PEABODY — An 87-year-old former neurologist was led out of a courtroom in handcuffs Friday afternoon after he was found guilty of sexually assaulting a patient 2 1/2 years ago at his Peabody practice.
Walter Levitsky, who has already surrendered his medical license, faces up to 2 1/2 years in jail on the indecent assault and battery charge when he is sentenced on Dec. 20.
Judge James Barretto revoked Levitsky's recognizance in the case and ordered that he be held at Middleton Jail while he awaits sentencing.
That came after his lawyer, Joseph Mulhall, asked to delay the sentencing so that he could bring in a psychologist and, in an almost-unheard of move, file a response to a victim-impact statement by Levitsky's victim.
A prosecutor had asked Barretto to sentence Levitsky immediately, pointing to the numerous times the victim, a professional woman in her 40s from Peabody, has already had to come to court.
The woman was seeing Levitsky once a month to obtain a shot of Vivitrol, which curbed her dependence on alcohol.
It took the jury of three men and three women less than 20 minutes to reject Levitsky's claim that what he did to the woman in his office on March 1, 2017, was merely a breast exam.
"A breast exam is appropriate any time," Levitsky told jurors earlier in the day, during testimony that stretched over 2 1/2 hours, most of it a cross-examination by prosecutor Michael Varone.
Varone, in his closing argument a couple of hours later, reminded jurors of "creepy little details" Levitsky insisted on adding during his time on the stand — including comments about the woman's "attractive" hairstyle in the photo police showed him during questioning.
"Did the defendant's testimony have the ring of truth?" Varone asked the jury, highlighting several discrepancies between Levitsky's testimony at his first trial in May, which ended with a hung jury, and his statements on the stand Friday morning.
"Did it make sense?" Varone asked, pointing to Levitsky's explanation for asking the woman to show him her breasts.
"He told you he did it because he was having an argument about her weight and he wanted to change the subject," Varone told the jury. Then he quoted Levitsky's testimony that "she rapidly pulled up her garments and evinced a big smile."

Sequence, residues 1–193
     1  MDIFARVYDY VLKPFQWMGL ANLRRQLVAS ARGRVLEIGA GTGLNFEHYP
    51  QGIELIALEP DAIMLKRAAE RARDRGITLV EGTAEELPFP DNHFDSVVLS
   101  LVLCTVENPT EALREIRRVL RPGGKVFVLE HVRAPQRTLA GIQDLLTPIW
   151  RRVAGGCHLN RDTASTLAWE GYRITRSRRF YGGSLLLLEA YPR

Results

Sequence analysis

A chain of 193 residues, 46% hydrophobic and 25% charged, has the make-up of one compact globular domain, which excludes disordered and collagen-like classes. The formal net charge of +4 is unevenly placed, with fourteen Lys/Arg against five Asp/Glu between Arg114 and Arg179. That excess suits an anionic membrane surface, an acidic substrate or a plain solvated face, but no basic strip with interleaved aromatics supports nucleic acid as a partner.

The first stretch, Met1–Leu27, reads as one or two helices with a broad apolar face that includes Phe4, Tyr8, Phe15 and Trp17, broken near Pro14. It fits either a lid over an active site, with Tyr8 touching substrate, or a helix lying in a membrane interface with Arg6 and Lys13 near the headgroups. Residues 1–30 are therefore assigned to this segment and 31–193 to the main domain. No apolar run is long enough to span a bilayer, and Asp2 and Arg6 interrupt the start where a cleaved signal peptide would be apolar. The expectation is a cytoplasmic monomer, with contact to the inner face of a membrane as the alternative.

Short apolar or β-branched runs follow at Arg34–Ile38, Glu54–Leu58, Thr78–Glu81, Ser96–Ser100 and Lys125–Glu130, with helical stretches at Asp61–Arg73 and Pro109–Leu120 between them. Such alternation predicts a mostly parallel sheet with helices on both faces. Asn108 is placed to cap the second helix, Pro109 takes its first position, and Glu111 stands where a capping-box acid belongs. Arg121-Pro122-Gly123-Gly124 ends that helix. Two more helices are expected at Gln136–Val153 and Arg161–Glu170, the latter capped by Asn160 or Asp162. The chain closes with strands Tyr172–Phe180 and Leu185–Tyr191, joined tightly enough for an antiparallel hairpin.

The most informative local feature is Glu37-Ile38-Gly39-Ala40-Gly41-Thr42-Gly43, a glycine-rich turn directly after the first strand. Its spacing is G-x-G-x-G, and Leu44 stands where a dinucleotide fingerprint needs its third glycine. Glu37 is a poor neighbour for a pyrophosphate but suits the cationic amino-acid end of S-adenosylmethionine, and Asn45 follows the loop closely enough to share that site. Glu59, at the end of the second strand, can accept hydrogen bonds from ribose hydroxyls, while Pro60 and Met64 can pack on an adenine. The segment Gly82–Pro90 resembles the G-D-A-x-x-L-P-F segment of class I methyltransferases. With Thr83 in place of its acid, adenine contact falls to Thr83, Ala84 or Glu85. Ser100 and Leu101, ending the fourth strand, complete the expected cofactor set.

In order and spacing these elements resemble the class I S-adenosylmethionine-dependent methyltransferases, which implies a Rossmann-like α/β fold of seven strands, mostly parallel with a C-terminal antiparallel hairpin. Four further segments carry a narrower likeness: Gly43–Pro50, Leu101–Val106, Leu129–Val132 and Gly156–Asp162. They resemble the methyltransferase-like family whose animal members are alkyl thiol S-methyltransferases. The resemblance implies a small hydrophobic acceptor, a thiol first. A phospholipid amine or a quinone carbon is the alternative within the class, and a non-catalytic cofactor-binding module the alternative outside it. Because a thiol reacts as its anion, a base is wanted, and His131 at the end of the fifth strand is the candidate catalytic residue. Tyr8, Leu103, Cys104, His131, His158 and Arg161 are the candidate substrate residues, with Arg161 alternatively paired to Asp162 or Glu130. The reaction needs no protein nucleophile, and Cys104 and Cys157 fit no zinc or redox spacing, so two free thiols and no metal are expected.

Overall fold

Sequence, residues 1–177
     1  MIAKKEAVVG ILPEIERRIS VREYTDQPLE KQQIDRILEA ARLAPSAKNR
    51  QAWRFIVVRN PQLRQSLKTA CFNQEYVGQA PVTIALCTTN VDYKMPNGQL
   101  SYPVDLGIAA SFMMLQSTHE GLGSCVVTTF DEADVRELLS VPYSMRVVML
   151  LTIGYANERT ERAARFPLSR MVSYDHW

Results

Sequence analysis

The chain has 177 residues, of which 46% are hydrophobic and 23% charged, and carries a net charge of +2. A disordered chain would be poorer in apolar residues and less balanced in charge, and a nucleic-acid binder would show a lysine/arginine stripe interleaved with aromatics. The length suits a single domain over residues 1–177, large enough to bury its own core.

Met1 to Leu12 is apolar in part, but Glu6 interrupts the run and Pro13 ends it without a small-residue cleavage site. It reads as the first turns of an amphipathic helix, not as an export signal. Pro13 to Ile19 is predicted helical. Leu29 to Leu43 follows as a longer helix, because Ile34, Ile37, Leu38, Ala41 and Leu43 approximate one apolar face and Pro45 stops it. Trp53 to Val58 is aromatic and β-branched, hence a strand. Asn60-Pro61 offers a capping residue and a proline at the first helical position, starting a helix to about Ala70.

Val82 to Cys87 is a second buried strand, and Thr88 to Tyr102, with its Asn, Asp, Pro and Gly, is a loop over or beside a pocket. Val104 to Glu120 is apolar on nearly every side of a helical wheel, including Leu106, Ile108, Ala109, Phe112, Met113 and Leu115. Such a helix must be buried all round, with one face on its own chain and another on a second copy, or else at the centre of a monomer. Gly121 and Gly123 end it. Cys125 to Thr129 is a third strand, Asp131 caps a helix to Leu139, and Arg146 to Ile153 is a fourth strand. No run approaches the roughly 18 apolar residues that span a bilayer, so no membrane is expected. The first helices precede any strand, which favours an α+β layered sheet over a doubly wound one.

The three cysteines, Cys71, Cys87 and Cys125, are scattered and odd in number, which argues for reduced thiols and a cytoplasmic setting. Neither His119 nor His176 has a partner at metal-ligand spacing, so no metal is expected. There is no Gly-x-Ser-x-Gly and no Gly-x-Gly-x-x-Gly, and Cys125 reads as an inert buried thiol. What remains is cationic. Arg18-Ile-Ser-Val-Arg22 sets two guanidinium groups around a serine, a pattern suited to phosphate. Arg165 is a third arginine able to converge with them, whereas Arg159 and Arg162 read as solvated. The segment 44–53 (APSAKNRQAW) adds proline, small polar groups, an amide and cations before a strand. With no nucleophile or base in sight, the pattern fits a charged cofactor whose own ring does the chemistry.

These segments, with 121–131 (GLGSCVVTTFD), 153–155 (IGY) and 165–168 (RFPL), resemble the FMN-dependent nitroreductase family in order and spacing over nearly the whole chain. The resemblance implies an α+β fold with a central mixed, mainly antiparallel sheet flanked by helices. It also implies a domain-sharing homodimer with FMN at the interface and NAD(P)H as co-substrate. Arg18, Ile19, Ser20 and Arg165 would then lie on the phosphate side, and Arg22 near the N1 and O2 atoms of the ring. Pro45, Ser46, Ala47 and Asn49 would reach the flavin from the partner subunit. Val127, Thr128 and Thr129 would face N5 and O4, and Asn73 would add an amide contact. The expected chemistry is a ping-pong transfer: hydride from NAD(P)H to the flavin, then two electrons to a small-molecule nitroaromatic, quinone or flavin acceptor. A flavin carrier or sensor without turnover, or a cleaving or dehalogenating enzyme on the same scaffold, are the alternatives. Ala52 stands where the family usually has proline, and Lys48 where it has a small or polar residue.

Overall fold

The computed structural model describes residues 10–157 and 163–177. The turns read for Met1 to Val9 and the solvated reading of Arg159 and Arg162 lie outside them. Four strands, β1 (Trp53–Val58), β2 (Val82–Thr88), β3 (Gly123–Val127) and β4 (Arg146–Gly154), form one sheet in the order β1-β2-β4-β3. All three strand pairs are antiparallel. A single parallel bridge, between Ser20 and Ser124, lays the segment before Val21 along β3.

"Does that sound like someone trying to color the facts in a way that's better for him?" Varone asked the jury.
"There was nothing medical about what this defendant did to (his patient) in that room that day," Varone told the jury.
Levitsky's attorney, Mulhall, hoped to convince jurors that the woman was not entirely certain what had happened — but that she had consented to it.
"'I think something happened,'" Mulhall quoted the woman as saying to a colleague less than an hour after the incident. "We would suggest to you that's indicative of some doubt, some uncertainty."
And, suggested Mulhall, the woman consented to having her breasts "inspected" by Levitsky when she pulled up her top at his request.
Varone reminded the jury that there was no testimony that he ever told her he would be touching her breasts.
Throughout his testimony, Levitsky was combative, at times interrupting both the prosecutor and his own lawyer, and even the judge, who at one point admonished him for his conduct.
Barretto did not indicate on Friday what sentence he intends to impose on the elderly man, whose history of misconduct goes at least back to the 1970s, according to documents obtained by The Salem News.
In 1990, as part of a plea agreement, he pleaded guilty to a reduced charge of assault and battery, after six former patients reported that he had sexually assaulted them. His medical license was revoked but later reinstated with restrictions, which were then lifted.
Courts reporter Julie Manganis can be reached at 978-338-2521, by email at firstname.lastname@example.org or on Twitter at @SNJulieManganis.